The backpack should never hang more than four inches below the waistline. A backpack that hangs too low increases the weight on the shoulders, causing your child to lean forward when walking.
A backpack with individualized compartments helps in positioning the contents most effectively. Make sure that pointy or bulky objects are packed away from the area that will rest on your child’s back.
Bigger is not necessarily better. The more room there is in a backpack, the more your child will carry-and the heavier the backpack will be.
Urge your child to wear both shoulder straps. Lugging the backpack around by one strap can cause the disproportionate shift of weight to one side, leading to neck and muscle spasms, as well as low-back pain.
Wide, padded straps are very important. Non-padded straps are uncomfortable, and can dig into your child’s shoulders.
The shoulder straps should be adjustable so the backpack can be fitted to your child’s body. Straps that are too loose can cause the backpack to dangle uncomfortably and cause spinal misalignment and pain.
If the backpack is still too heavy, talk to your child’s teacher. Ask if your child could leave the heaviest books at school, and bring home only lighter hand-out materials or workbooks.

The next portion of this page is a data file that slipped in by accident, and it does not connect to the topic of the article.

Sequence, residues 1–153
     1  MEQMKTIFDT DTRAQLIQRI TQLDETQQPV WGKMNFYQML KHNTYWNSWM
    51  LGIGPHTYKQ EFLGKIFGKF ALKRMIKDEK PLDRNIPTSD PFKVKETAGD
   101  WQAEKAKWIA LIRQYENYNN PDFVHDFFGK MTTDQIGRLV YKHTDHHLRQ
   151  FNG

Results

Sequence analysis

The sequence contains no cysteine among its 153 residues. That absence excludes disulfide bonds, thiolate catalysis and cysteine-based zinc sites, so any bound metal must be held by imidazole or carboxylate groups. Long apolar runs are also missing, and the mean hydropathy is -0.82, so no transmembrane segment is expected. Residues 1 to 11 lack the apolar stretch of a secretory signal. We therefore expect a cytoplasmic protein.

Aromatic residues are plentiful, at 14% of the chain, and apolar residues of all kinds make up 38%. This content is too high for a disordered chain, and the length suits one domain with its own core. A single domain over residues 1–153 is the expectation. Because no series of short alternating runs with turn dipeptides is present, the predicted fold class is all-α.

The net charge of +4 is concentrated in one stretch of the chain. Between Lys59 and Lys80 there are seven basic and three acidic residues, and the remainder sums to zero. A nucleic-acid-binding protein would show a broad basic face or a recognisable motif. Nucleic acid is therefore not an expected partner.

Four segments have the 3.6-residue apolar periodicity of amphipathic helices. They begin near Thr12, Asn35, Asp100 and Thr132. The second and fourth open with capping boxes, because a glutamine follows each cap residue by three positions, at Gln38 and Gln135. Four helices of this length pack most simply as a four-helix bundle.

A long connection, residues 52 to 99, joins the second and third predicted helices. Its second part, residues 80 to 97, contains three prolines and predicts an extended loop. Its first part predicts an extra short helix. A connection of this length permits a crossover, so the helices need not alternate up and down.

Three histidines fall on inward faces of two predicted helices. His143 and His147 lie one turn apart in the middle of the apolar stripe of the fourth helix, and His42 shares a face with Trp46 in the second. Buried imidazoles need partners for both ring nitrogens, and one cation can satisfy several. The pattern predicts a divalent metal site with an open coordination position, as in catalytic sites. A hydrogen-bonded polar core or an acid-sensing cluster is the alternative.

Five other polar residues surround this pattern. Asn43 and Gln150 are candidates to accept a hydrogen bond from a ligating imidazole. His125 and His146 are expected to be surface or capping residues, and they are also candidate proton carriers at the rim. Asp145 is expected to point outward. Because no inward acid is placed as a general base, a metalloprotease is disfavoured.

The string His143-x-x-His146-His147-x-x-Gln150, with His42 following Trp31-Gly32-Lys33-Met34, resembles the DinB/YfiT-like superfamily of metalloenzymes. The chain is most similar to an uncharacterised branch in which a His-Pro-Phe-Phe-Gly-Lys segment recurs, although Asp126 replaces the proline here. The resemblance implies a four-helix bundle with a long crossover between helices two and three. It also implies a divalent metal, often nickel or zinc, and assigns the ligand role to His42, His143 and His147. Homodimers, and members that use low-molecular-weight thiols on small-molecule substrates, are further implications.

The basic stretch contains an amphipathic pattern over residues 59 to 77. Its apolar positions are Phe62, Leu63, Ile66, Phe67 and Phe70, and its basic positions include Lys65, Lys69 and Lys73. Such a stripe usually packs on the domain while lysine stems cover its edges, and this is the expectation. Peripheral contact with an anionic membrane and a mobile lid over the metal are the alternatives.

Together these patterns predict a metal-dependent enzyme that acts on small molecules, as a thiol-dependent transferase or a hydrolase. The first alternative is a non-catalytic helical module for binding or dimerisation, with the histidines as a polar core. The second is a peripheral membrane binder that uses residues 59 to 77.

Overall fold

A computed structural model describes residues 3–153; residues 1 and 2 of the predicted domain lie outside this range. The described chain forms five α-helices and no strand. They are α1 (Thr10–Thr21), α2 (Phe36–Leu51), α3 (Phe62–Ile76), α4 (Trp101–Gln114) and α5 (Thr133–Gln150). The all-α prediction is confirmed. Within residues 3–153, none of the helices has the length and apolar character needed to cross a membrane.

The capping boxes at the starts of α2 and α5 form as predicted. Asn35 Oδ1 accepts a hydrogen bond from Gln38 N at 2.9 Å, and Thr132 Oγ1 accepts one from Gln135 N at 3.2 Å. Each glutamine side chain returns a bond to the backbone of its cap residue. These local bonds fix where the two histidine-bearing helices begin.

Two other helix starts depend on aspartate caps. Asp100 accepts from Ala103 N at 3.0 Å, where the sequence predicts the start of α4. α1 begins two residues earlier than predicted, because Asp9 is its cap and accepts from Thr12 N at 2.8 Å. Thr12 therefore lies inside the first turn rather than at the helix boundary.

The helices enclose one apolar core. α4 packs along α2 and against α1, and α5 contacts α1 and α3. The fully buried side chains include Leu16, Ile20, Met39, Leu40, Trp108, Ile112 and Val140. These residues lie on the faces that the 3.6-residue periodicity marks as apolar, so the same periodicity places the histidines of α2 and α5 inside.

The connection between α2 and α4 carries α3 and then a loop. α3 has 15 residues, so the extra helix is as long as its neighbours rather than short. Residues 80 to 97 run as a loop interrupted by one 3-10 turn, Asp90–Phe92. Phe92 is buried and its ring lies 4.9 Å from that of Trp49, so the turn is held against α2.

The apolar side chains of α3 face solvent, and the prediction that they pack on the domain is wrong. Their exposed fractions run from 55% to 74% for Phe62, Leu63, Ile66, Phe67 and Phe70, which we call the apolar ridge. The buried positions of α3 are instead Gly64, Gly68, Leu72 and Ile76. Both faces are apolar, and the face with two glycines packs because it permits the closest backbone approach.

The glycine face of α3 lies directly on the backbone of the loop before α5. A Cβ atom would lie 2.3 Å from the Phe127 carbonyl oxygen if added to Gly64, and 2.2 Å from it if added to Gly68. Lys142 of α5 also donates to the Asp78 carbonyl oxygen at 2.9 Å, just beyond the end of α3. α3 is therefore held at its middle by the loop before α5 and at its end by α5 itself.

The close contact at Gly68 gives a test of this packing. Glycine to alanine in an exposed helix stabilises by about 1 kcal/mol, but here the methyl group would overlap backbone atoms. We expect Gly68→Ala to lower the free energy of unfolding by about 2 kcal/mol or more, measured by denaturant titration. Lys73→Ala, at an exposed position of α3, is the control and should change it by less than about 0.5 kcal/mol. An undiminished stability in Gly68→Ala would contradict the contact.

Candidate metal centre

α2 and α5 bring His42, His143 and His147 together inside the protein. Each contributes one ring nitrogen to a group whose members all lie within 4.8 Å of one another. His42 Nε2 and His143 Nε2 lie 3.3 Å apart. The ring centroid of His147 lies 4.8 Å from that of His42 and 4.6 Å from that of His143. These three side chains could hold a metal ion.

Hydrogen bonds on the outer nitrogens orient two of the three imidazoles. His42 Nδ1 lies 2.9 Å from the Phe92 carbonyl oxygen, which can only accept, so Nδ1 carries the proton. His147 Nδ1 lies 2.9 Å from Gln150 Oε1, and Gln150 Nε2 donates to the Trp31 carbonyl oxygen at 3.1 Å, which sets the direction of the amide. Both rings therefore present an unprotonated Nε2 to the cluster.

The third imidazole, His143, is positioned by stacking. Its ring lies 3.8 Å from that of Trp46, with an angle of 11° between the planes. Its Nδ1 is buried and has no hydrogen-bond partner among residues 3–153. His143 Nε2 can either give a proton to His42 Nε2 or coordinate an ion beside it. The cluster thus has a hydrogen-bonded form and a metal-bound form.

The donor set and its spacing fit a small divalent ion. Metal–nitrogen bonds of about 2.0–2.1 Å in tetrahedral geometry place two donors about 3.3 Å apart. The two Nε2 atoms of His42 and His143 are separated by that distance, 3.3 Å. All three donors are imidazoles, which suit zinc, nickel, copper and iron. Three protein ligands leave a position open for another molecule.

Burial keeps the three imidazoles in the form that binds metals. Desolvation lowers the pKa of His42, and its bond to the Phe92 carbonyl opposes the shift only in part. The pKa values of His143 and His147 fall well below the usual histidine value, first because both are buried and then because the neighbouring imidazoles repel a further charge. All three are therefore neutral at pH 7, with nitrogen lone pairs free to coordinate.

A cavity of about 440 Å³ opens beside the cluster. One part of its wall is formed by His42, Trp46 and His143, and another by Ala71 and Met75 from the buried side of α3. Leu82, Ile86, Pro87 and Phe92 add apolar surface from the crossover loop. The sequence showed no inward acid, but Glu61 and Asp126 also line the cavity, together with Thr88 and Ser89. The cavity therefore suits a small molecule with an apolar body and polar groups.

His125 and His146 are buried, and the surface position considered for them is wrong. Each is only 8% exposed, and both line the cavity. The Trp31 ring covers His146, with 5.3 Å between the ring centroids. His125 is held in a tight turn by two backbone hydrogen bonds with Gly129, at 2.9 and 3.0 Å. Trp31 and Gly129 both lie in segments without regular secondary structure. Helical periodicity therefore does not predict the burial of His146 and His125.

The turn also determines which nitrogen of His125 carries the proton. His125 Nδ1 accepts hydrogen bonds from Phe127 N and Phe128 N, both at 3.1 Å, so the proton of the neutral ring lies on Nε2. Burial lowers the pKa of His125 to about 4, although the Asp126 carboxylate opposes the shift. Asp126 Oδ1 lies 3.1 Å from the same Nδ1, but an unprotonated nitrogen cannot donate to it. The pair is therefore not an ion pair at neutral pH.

Although the use of rollerpacks – or backpacks on wheels – has become popular in recent years, ACA is now recommending that they be used cautiously and on a limited basis by only those students who are not physically able to carry a backpack. Some school districts have begun banning the use of rollerpacks because they clutter hallways, resulting in dangerous trips and falls.
If you or your child experiences any pain or discomfort resulting from backpack use, consider visiting me, Dr. Stone, at CHAMP Chiropractic. Doctors of Chiropractic are licensed and trained to diagnose and treat patients of all ages and will use a gentler type of treatment for children. In addition, I can also prescribe exercises designed to help children develop strong muscles, along with instruction in good nutrition, posture and sleeping habits.